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Mom University: Ericka Lutz, Fiction and Non-Fiction Writer

Monday, March 28, 2005
I've had the pleasure of getting to know Ericka Lutz via an online writers' group started by Katie Allison Granju a few years ago. I've been impressed by the variety of genres Ericka works in, her willingness to constantly challenge herself as a writer, and her personal warmth and generous spirit.

As with all previous Mom University interviews (see Mom University archive in sidebar), I asked Ericka to pick something that she had written so that we could use that article as the basis of our interview. She picked Why My Garden? Here's our interview.
Ann: When -- and why -- did you write this piece?

Ericka: Three years ago, I wrote "Why My Garden" about my Spring 2000 journey to Auschwitz.

My excuse for writing it? I was asked to submit to a friend's anthology about women's spirituality.

My real REASON for writing it? From the moment I planned the trip to Auschwitz, I intended to write about it. From the time I returned, the piece festered in me. It often takes me a while to process important experiences enough to write about them. This time it took a couple of years.

So in January, 2002, I went on a four day writer's retreat in mid-winter (Northern California) and looked at the gray trees and listened to the rain and wrote the first draft of the piece from notes and books and memories. My writing partner had suggested the structure -- a journey. And the process of writing it was almost as much of a journey as the actual physical trip.

Part way through writing the piece, I realized it had grown past the guidelines for my friend's anthology. It was too long, it was too wide reaching. By then, it had such personal importance to me that I had to write it for myself, even if nobody would ever read it. I came home from my retreat completely wasted -- cold sores on my lip, dark circles under my eyes. I had really faced down demons. But I had the first of eight drafts.

I never submitted it for my friend's anthology. I did send it a number of other places, and it kept being "a finalist" but I think people are reluctant to "go to
Auschwitz," even through somebody else's reflection of it. It's painful to tear off that scab we all share.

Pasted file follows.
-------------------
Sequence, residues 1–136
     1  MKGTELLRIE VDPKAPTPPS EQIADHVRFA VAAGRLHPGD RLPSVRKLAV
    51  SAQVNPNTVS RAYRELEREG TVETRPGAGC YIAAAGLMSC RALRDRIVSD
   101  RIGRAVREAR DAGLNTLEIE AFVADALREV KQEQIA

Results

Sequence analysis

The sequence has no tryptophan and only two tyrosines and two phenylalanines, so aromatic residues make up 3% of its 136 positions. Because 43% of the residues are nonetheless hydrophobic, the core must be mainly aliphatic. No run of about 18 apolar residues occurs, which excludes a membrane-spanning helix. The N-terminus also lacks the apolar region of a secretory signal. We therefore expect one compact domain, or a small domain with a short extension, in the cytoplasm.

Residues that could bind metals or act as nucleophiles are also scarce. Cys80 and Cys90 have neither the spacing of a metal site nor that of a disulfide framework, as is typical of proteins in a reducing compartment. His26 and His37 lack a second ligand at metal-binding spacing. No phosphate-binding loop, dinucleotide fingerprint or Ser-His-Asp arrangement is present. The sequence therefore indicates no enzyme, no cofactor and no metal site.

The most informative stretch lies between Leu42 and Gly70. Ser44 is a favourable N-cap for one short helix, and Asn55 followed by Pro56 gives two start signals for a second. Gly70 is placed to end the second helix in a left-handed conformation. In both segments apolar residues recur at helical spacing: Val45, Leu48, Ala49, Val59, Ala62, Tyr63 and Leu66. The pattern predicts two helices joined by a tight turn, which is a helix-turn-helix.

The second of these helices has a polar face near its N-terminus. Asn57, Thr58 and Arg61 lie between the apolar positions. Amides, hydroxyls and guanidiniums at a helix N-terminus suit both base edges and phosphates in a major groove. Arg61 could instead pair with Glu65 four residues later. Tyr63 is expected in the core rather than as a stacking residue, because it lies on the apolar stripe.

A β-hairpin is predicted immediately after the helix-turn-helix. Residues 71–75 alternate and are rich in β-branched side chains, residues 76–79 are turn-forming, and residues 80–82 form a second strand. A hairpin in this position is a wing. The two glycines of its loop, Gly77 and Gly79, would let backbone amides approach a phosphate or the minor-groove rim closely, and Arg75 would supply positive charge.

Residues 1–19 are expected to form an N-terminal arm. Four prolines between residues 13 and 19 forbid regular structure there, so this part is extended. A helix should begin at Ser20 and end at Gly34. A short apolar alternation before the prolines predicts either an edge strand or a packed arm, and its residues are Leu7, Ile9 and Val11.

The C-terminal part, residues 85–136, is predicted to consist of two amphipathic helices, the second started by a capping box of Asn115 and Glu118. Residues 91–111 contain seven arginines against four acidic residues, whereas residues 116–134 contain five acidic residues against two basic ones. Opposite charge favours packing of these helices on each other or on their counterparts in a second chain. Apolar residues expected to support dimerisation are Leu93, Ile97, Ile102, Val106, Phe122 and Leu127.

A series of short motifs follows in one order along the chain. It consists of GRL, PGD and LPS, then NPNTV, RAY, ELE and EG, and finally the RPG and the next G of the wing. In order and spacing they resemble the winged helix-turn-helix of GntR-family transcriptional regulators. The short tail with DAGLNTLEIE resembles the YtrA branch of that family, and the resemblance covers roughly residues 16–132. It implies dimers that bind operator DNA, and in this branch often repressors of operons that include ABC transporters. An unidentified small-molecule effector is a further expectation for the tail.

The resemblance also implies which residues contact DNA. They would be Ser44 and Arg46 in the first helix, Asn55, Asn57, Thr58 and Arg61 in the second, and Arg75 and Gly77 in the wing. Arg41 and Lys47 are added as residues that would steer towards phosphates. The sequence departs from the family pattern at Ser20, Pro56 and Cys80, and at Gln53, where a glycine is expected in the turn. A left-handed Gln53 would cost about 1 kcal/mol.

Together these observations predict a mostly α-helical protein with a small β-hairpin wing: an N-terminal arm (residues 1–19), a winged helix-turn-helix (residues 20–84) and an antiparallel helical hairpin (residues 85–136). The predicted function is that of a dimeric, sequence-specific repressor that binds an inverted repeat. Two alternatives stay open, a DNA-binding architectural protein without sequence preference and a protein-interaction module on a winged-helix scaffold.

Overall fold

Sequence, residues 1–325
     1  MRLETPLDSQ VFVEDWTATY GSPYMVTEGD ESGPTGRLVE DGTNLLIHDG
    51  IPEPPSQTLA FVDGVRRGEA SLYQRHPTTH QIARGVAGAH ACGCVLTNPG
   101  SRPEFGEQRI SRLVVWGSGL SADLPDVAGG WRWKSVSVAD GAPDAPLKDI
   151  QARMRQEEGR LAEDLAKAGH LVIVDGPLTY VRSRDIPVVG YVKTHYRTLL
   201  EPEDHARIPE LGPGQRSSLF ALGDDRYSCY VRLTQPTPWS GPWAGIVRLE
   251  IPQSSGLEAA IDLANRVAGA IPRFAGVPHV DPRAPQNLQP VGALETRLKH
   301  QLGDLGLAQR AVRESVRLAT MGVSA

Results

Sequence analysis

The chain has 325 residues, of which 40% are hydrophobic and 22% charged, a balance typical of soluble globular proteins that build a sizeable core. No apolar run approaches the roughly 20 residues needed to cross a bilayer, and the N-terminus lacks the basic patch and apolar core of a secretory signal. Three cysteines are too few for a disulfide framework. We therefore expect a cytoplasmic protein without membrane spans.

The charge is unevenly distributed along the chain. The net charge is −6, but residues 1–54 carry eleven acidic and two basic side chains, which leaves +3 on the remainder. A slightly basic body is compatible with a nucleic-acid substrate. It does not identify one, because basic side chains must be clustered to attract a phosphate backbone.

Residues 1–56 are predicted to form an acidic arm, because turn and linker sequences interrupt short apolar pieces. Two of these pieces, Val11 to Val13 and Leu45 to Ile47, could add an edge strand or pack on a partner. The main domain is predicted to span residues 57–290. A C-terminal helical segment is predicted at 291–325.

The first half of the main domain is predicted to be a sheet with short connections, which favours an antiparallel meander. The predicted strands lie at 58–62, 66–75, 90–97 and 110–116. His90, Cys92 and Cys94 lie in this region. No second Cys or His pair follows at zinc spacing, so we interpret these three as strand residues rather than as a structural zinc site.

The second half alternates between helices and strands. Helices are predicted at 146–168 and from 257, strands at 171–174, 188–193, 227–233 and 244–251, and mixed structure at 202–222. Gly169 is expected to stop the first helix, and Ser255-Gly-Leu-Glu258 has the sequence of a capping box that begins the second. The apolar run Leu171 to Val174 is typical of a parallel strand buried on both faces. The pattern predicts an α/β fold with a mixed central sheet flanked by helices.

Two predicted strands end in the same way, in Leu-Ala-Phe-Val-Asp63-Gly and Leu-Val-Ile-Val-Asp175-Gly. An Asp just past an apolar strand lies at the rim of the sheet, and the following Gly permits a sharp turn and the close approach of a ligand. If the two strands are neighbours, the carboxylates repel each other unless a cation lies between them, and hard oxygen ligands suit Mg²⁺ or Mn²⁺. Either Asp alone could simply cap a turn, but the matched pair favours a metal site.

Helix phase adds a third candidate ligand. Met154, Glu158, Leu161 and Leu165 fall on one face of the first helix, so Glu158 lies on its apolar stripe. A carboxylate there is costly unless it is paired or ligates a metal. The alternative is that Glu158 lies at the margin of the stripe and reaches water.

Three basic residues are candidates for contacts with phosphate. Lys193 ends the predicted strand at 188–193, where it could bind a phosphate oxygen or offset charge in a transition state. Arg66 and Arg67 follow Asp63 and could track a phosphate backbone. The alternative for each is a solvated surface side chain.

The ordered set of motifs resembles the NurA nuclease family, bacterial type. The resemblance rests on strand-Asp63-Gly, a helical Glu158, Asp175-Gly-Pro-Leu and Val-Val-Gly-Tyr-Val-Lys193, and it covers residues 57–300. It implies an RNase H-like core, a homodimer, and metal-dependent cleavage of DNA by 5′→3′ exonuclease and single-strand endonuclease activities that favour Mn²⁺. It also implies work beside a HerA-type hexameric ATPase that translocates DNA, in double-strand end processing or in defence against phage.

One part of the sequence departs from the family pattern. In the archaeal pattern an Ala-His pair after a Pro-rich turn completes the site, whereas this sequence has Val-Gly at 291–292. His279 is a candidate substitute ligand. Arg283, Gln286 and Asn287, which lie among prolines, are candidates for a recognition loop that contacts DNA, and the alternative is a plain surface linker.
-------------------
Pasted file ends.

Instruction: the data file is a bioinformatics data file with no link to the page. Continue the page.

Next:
Only recently, on the 60th anniversary of the liberation of Auschwitz, has it found an audience, first on my website, and then on Literary Mama.

Ann: Right from when I first approached you about doing a Mom University interview, you knew this would be "the piece." Why is this piece some important to you, both personally and professionally?

Ericka: I'm very proud of this piece, though it is very strange, even for a writer who shares her emotions and experiences, to have something this personal widely available. But I've had such extraordinary responses, and so many of them, from readers who have been moved first to tears and then to share with me their own feelings, experiences, fears, questions.

This story of my trip to Auschwitz is about my struggle with my cultural and spiritual identity. And in it, I try to answer the age old question: how can we live and thrive, when such evil exists, when it takes humans so long to evolve? This question is all the more pertinent for me because I am a mother. How do we teach our children to live in this world? How do we find -- and manifest -- hope while living on a dying planet? Through writing this piece, through pondering the big questions the journey to Auschwitz raised in me, I have found some resolution and peace.

You can find out more about Ericka by visiting ErickaLutz.com. This quote from Ericka's website tells you a lot about Ericka's approach to her writing:

Risk! Risk anything! Care no more for
the opinion of others, for those voices.
Do the hardest thing on earth for you.
Act for yourself. Face the truth.
-- Katherine Mansfield

| posted by Ann D @ 9:52 PM